Lewis’ letter in response is brief and respectful:

Magdalene College,
Cambridge.
Nov. 14th 1958

My dear Lord Archbishop
I have thought over your Grace’s letter and come to the conclusion that I cannot refuse to serve on this Commission if I am wanted. I wish I were better qualified, but there is no use in multiplying words about that.
Yours sincerely
C. S. Lewis

Lewis did indeed serve on the committee, beginning with his first meeting at Lambeth Palace in January 1959. The committee of scholars, theologians, pastors, and poets worked fastidiously towards a publication in 1963, including several day-long and even three-day conferences. Eliot and Lewis, despite their differing perspectives and a failed connection through mutual friend Charles Williams during WWII, became friends in the process of translation/adaptation of the Psalter. Indeed, it was T.S. Eliot who first knew that A Grief Observed–Lewis’ pseudonymous memoir of grief following the death of Joy (note the author’s name, N.W. Clerk)–was really from the Narnian author and literary scholar, C.S. Lewis. Eliot played a role in the publication of the book that is one of his most problematic and important pieces.

Lewis worked on the Psalter through the death of Joy and his own faltering health. On Aug 7th, 1963, Lewis finally wrote to officially resign from the Commission to Revise the Psalter, just three weeks after he had a near-fatal heart attack and fifteen weeks before he finally passed away. I don’t think Lewis ever saw the final printed copy of the Psalter, as approved, but he did read the preface and probably saw most of the adapted translation.

I am afraid that I don’t know the final impact of the Revised Psalter. Although officially approved, it never became the popular replacement of the Coverdale translation in the Book of Common Prayer that it was envisioned to be. I don’t know the spiritual or political reasons for this–perhaps you do–but having read through the entire Revised Psalter, it is not a striking literary work. Others who have read it delighted in it, but I felt like it kept the awkwardness of an older translation while losing the beauty of Coverdale. Like the New King James psalter, it could not raise to the height of the original and did not throw itself into the language of contemporary culture.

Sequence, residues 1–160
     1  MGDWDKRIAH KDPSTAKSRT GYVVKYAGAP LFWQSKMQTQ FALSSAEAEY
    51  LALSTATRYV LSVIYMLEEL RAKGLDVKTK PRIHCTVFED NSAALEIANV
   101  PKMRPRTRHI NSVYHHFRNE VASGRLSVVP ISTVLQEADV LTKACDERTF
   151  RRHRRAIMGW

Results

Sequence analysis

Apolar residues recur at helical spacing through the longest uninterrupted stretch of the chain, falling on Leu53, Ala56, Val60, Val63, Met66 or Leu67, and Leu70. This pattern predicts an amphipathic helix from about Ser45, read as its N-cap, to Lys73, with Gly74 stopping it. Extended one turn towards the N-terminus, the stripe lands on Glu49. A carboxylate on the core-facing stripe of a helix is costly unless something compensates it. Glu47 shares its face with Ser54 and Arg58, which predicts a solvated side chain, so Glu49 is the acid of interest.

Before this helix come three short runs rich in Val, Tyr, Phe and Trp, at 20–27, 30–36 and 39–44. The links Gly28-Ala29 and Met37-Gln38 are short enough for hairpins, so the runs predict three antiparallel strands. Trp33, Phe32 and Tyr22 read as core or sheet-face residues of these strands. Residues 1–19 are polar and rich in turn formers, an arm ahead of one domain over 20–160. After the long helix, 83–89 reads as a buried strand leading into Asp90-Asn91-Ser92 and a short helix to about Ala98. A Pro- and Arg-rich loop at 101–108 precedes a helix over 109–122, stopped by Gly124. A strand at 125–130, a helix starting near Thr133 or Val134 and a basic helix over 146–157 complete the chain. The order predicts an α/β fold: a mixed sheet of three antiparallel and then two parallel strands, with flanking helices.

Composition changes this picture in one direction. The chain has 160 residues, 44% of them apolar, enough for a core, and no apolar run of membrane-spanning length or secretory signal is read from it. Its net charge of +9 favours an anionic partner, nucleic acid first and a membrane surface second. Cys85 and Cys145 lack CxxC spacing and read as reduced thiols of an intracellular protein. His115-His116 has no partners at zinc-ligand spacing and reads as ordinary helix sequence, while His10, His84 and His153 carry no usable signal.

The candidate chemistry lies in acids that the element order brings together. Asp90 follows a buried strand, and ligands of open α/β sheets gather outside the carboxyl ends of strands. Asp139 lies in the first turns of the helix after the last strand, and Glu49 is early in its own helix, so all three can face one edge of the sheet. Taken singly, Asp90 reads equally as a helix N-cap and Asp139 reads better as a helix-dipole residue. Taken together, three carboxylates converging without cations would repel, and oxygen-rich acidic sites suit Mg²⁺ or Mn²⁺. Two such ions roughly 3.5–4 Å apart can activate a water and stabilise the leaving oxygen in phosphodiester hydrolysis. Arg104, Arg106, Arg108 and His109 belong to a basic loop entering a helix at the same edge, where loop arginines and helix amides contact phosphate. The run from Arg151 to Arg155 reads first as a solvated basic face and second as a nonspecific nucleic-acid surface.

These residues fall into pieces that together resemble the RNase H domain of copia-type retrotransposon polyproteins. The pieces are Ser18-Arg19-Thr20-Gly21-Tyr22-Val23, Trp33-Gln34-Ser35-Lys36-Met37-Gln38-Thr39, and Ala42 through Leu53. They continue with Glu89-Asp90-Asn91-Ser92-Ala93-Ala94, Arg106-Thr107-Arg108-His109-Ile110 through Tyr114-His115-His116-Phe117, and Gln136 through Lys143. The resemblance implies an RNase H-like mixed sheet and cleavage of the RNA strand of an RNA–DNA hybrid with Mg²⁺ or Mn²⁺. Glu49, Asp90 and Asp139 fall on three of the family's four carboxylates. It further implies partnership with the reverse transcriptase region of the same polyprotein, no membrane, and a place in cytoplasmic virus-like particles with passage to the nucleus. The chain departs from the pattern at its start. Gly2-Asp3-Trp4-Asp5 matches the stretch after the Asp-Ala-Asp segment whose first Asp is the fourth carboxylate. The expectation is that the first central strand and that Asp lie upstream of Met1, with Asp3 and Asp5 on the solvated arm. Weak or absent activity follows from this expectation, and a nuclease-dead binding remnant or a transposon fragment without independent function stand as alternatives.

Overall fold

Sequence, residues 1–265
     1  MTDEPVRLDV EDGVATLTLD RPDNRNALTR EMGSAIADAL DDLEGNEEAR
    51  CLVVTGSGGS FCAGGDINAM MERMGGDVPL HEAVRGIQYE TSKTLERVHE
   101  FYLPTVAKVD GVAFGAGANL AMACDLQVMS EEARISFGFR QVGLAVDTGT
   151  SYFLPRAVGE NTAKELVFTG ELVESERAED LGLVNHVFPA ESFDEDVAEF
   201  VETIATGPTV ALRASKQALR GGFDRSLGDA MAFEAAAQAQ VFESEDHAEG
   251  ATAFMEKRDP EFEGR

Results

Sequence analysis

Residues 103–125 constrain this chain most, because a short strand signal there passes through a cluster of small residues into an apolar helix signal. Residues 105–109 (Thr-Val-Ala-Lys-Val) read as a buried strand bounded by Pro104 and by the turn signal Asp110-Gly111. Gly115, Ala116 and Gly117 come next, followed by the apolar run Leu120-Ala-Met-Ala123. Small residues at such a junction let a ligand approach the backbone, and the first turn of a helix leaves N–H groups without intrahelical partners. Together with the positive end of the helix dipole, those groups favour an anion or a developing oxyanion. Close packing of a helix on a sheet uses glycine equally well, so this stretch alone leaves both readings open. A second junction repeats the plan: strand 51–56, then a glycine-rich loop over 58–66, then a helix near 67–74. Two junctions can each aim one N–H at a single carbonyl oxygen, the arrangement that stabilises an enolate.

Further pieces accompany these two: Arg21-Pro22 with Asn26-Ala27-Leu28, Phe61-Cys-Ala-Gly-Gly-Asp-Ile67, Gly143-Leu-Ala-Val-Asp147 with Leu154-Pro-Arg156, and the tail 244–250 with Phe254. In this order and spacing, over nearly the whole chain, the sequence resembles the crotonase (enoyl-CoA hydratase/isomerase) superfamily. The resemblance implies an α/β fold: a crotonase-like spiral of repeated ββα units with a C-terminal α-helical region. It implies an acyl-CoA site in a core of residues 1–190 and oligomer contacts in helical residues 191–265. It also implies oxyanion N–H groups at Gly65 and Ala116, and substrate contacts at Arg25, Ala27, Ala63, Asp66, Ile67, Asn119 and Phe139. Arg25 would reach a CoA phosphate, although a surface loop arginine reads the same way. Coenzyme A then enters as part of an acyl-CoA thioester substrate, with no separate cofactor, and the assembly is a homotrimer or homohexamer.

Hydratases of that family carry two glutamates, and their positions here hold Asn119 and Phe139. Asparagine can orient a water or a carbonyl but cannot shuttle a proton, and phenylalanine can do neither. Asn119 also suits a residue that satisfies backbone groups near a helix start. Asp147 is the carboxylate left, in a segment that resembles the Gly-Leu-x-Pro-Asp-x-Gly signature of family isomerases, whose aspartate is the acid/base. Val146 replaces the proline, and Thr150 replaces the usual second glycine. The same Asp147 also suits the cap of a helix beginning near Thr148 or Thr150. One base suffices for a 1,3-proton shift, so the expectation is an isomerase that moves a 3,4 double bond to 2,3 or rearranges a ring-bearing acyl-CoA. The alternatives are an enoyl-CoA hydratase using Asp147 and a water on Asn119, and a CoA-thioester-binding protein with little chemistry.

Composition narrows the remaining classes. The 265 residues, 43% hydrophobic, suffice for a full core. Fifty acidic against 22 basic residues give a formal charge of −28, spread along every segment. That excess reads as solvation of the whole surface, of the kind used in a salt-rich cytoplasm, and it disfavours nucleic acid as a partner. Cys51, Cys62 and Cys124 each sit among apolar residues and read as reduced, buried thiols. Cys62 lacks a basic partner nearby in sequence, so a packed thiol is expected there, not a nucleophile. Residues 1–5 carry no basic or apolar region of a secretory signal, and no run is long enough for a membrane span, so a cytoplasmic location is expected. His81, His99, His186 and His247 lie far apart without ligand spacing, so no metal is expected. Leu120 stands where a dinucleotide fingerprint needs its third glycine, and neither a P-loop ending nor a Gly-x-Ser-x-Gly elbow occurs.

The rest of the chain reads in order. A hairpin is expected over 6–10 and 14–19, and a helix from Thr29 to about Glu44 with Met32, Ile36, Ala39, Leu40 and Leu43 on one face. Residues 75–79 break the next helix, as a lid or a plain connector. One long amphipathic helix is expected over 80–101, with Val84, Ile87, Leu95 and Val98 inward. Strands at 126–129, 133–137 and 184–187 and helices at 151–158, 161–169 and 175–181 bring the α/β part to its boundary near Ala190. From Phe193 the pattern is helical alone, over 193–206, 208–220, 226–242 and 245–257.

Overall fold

I suspect that this awkwardness–if I am correct–came because of the competing tensions of the committee. It has to work for choral singing, to keep to the original Coverdale theme, to be updated in Hebrew (with reference to Latin and Greek), and to meet the poetic and religious sentiments of folk like Lewis and Eliot. I think it pulled at too many edges and the sheet, if it did not tear, was stretched past what was good for it.

Still, if you want a different reading experience of the Psalms, I would recommend it. Unfortunately, it’s almost impossible to find! Contact me through facebook if you need help from a research perspective, but I borrowed it through Interlibrary Loan. I’d love your thoughts–and a rebuke against my reading–if you have the time.

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About Brenton Dickieson

“A Pilgrim in Narnia” is a blog project in reading and talking about the work of C.S. Lewis, J.R.R. Tolkien, and the worlds they touched. As a "Faith, Fantasy, and Fiction" blog, we cover topics like children’s literature, apologetics and philosophy, myths and mythology, fantasy, theology, cultural critique, art and writing. This blog includes my thoughts as I read through Lewis and Tolkien and reflect on my own life and culture. In this sense, I am a Pilgrim in Narnia--or Middle Earth, or Fairyland. I am often peeking inside of wardrobes, looking for magic bricks in urban alleys, or rooting through yard sale boxes for old rings. If something here captures your imagination, leave a comment, “like” a post, share with your friends, or sign up to receive Narnian Pilgrim posts in your email box. Brenton Dickieson is a father, husband, friend, university lecturer, and freelance writer from Prince Edward Island, Canada. You can follow him on Twitter, @BrentonDana.